However, roughly 800,000 federal government employees who are deemed non-essential will be furloughed. An estimated 1.3 million workers who are considered “essential” will remain on the job and receive IOUs to be cashed in when the shutdown ends. As noted above, no federal employees will lose any money.
With non-essential workers off the job, non-essential government activities will cease. To name a few select examples:
- The Justice Department will suspend civil cases;
- NASA will furlough most of its employees but continue to provide support to the International Space Station;
- The National Institutes of Health will continue clinical trials but no new trials will be started;
- The National Zoos will be closed (the animals will be fed); and
- The National Parks will be closed. (Cue John Candy in National Lampoon’s Vacation: “Sorry folks, the park’s closed. The moose out front should have told ya.”)
If a government shutdown occurs, how long it may last is anyone’s guess. Government shutdowns typically end when one or both of the political parties can no longer withstand the public’s ire. In 2013, Congress’s approval rating during the government shutdown fell to a record-low 9 percent. To put it into context, head lice, root canals, and the band Nickleback all polled higher.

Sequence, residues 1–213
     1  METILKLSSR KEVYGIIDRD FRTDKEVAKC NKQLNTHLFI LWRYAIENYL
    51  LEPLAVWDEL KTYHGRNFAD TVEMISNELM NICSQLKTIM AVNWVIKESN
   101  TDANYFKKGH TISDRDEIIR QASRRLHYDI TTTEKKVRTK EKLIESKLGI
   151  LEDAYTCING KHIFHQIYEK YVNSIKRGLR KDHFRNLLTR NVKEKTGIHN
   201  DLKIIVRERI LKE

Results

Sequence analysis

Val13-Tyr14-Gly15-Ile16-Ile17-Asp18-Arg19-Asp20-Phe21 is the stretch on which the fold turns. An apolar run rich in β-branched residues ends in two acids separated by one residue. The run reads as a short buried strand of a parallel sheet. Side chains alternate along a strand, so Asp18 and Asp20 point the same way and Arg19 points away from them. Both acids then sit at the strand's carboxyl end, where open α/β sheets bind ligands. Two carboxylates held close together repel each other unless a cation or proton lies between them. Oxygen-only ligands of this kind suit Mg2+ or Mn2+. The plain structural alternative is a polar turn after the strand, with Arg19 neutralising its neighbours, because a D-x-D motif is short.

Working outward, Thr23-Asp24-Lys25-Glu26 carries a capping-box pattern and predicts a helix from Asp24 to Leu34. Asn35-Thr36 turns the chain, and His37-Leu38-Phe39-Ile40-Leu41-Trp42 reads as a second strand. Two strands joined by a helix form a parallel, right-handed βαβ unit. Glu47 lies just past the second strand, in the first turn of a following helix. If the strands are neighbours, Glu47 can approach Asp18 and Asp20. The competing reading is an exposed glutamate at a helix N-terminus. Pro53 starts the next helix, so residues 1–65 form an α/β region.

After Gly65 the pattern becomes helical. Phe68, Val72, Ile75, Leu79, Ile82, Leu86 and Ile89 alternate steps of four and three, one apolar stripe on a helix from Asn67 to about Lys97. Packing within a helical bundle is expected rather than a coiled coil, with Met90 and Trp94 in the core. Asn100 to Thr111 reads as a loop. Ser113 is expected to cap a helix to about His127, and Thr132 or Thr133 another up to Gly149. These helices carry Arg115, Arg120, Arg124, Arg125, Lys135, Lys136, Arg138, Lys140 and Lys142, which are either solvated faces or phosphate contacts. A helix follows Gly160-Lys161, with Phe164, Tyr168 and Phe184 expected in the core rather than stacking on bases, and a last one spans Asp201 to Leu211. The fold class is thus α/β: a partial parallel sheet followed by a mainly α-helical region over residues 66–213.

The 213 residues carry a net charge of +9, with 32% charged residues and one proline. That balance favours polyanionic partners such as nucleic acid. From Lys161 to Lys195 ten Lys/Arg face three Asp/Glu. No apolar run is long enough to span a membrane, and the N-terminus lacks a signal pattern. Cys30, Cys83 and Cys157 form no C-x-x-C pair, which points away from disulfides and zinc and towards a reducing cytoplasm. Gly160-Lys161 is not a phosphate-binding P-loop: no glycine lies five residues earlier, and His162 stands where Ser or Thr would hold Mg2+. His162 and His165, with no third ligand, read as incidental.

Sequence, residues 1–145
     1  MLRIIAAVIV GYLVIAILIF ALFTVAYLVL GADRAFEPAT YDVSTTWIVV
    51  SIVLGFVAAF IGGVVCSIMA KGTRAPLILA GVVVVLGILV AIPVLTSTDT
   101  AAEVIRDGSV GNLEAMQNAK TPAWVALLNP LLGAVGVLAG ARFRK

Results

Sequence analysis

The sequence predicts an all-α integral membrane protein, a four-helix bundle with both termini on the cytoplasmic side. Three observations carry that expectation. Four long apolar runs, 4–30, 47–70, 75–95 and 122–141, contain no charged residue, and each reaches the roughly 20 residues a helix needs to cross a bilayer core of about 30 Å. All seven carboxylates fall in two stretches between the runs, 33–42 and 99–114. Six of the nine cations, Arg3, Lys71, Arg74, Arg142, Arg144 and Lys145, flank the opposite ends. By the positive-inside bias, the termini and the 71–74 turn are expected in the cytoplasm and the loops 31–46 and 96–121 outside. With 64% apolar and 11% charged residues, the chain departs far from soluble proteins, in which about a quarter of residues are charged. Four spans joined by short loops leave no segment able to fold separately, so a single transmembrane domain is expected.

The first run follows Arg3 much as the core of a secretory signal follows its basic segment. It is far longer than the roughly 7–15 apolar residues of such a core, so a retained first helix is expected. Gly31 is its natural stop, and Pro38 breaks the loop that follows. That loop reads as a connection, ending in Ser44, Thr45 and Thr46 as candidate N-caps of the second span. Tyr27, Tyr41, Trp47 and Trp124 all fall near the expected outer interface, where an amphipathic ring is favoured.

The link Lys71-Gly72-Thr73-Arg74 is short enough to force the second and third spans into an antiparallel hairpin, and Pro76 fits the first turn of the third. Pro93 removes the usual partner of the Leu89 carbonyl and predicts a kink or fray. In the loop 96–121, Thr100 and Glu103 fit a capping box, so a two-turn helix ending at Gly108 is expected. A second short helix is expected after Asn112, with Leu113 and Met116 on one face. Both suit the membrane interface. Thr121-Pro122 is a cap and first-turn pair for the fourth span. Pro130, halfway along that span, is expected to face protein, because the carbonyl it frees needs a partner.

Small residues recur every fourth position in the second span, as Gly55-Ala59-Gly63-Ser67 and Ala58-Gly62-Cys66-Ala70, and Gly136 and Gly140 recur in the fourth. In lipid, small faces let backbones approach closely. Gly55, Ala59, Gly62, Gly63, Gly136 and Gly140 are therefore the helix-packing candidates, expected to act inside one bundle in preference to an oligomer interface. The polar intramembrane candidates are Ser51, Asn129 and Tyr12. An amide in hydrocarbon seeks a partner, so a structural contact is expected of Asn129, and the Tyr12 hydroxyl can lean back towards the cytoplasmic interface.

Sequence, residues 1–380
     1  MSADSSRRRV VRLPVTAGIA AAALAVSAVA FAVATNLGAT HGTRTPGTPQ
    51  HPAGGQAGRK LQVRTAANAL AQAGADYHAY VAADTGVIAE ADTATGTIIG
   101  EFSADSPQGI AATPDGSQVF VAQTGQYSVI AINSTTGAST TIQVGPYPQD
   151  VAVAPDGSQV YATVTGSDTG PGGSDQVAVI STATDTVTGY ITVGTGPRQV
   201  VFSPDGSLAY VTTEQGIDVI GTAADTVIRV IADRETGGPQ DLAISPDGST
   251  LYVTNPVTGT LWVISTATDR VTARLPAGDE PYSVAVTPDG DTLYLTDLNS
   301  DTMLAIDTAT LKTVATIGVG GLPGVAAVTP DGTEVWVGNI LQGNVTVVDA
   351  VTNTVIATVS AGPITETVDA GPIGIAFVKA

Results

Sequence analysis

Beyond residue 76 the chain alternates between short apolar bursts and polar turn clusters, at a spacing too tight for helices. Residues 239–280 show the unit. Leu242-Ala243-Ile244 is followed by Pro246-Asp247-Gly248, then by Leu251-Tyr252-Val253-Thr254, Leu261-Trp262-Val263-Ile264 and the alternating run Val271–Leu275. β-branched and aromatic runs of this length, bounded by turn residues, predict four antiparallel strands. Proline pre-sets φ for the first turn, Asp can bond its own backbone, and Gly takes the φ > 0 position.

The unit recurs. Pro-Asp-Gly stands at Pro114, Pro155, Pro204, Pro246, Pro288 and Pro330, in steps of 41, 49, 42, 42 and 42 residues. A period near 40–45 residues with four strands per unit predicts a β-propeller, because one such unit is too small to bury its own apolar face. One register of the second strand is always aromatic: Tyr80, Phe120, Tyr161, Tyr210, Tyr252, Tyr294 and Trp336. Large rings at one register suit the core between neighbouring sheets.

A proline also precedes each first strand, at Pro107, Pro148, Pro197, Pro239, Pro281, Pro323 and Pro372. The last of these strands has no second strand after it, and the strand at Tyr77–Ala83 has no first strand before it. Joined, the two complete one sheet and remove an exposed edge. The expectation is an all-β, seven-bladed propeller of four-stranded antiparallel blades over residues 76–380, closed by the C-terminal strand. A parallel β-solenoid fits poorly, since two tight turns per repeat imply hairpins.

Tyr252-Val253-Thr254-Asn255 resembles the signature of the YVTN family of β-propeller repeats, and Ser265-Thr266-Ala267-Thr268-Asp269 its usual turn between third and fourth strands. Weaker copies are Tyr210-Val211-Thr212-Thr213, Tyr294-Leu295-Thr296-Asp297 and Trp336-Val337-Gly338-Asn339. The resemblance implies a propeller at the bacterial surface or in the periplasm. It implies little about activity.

At the time, The Tonight Show host Jimmy Fallon quipped, “It’s gotten too bad ... now the approval ratings of Congress hit a record low of just 5 percent. There are a lot of pressing questions, namely, who’s in the 5 percent that still approves of Congress?” Today, Fallon would be looking for the 13 percent of Americans who still approve of Congress, down from a multi-year high of 28 percent in February. (Exhibit 1)
After more than two weeks of a government shutdown accompanied by withering public scorn, Congress approved a proposal to fund the government on Oct. 16, 2013, and President Obama signed it into law the next day. It is estimated the U.S. economy lost 0.6 percent of its 2013 projected annualized GDP growth, equal to $24 billion.
Government Shutdowns and the Markets
For investors, the good news is that government shutdowns historically have had limited impact on the stock market. In fact, in every instance, market returns have been positive in the 12 months following the beginning of the shutdown, including a 19.72 percent gain in the year after the 2013 shutdown. The broad market has posted an average return of 17.99 percent in the one-year period following the government’s 13 shutdowns! (Exhibit 2)
Whether we like it or not, a government shutdown may soon be upon us. Get ready for a bunch of jokes that sound like this one that Conan O’Brien delivered in 2013, “Our government may be shutting down in a few hours. So, folks, get ready for absolutely no noticeable difference.”
Still, the public noticed and demanded results. Let’s hope cooler heads prevail and the nation averts a shutdown. If it does occur, here’s hoping for a prompt resolution.
Brian Levitt is OppenhemierFunds' Senior Investment Strategist.